Boards need to move from “putting all their investment into quality and safety” to achieving a better “balance” with financial success, the chief executive of the Care Quality Commission has said.
- New approach to apply to trusts and foundation trusts from next April
- Measure would not require substantial additional CQC staff
- CQC will “do it right” rather than “do it quickly”
David Behan was speaking to HSJ about the health secretary’s plan for the CQC to consider “use of resources” in its rating of NHS trusts and foundation trusts. Jeremy Hunt revealed the move in an interview with HSJ yesterday afternoon.
Mr Behan said he supported the change as a “logical development” of its current approach.
Asked whether the announcement, along with other national moves to accelerate NHS cost savings, would reduce the focus on care quality, he said: “It’s now time, as we move over this next five year period, [to] get these in a balance.
“Rather than [moving to] a position where money trumps quality, this is saying successful organisations need to get a balance between quality and finance.”
He said the NHS had reacted to the “shock” of the Mid Staffordshire care scandal and the Francis inquiry by prioritising quality and safety, adding: “I’ve heard chief executives say, ‘I’d rather break the budget than fail a CQC inspection’.
“That seems to me to suggest what people are doing is putting all their investment into quality and safety, which is a good thing, but at the cost of the budget, which isn’t a good thing.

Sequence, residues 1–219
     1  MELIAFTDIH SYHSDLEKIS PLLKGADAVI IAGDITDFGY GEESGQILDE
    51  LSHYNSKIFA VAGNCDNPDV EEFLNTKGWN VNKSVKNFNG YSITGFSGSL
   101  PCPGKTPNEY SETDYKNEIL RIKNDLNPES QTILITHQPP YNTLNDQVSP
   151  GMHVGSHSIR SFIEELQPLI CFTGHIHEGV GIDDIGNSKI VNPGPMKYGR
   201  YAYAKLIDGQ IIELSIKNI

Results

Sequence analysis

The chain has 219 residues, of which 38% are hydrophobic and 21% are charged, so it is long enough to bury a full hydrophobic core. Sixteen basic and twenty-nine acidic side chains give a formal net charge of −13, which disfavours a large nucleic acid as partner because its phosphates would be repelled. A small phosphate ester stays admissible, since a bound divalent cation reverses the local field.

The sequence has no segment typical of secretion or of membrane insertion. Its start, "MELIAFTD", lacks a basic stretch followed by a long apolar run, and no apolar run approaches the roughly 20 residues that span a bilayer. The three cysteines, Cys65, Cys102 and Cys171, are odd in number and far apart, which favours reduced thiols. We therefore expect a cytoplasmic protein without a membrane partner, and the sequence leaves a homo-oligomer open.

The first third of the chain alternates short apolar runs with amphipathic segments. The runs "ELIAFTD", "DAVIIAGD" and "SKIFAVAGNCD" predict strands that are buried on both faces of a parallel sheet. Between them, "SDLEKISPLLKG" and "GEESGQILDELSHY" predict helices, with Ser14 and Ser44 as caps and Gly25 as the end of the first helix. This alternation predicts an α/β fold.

“What we’re now saying is we need to get a balance between keeping a focus at board level on quality and safety and keeping a focus on the money. It’s a big challenge for a board.”
The new approach was intended to apply to all trusts and foundation trusts, but not to GP practices, from April next year. Mr Behan indicated it would be extended to GPs in future.
The CQC, with other regulators, will consult on detail of the approach in coming months.
Mr Behan said the introduction of consideration of “use of resources” would not require substantial additional staff for the CQC and could draw extensively on data analysis. However he said the organisation, which has previously delayed its existing inspection timetable due to lack of capacity, would “need to consider very carefully” the impact on its work.
He said the CQC board had discussed whether taking on the responsibility would mean “diluting our focus”, and had concluded that it should take it on. However, he said its approach would be to “do it right” rather than to “do it quickly”.
He continued: “Our strategic challenge over the next five years is how we can continue to regulate quality and safety during a period of continued austerity.
“One of the key issues is about the sustainability of services - it’s not just are they safe and high quality now. It’s entirely logical that… we need to take a perspective on how well resources are being used, because that’s absolutely critical to the sustainability of those services in the future.”